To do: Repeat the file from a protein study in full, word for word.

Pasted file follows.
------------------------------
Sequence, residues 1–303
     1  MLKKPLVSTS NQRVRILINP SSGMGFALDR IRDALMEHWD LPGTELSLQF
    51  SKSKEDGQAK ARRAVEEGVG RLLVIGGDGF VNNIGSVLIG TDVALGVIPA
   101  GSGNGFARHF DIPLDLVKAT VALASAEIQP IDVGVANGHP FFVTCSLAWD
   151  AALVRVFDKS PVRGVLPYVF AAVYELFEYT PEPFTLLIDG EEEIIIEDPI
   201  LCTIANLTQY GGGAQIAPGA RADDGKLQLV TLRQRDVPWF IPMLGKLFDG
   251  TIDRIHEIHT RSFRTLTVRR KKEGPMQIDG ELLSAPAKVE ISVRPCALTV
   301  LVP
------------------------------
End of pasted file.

Sequence, residues 1–303
     1  MLKKPLVSTS NQRVRILINP SSGMGFALDR IRDALMEHWD LPGTELSLQF
    51  SKSKEDGQAK ARRAVEEGVG RLLVIGGDGF VNNIGSVLIG TDVALGVIPA
   101  GSGNGFARHF DIPLDLVKAT VALASAEIQP IDVGVANGHP FFVTCSLAWD
   151  AALVRVFDKS PVRGVLPYVF AAVYELFEYT PEPFTLLIDG EEEIIIEDPI
   201  LCTIANLTQY GGGAQIAPGA RADDGKLQLV TLRQRDVPWF IPMLGKLFDG
   251  TIDRIHEIHT RSFRTLTVRR KKEGPMQIDG ELLSAPAKVE ISVRPCALTV
   301  LVP